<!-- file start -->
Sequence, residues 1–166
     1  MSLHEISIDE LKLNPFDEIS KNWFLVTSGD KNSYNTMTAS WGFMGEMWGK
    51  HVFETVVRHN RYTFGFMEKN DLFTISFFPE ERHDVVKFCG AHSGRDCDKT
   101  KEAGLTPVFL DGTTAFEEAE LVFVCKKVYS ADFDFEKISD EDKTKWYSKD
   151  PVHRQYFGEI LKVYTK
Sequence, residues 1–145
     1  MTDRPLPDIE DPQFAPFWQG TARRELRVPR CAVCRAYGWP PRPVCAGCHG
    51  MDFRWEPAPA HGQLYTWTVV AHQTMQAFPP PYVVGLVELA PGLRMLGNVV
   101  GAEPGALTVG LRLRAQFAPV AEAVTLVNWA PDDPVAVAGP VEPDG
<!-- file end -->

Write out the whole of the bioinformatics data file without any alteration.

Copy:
Sequence, residues 1–166
     1  MSLHEISIDE LKLNPFDEIS KNWFLVTSGD KNSYNTMTAS WGFMGEMWGK
    51  HVFETVVRHN RYTFGFMEKN DLFTISFFPE ERHDVVKFCG AHSGRDCDKT
   101  KEAGLTPVFL DGTTAFEEAE LVFVCKKVYS ADFDFEKISD EDKTKWYSKD
   151  PVHRQYFGEI LKVYTK
Sequence, residues 1–145
     1  MTDRPLPDIE DPQFAPFWQG TARRELRVPR CAVCRAYGWP PRPVCAGCHG
    51  MDFRWEPAPA HGQLYTWTVV AHQTMQAFPP PYVVGLVELA PGLRMLGNVV
   101  GAEPGALTVG LRLRAQFAPV AEAVTLVNWA PDDPVAVAGP VEPDG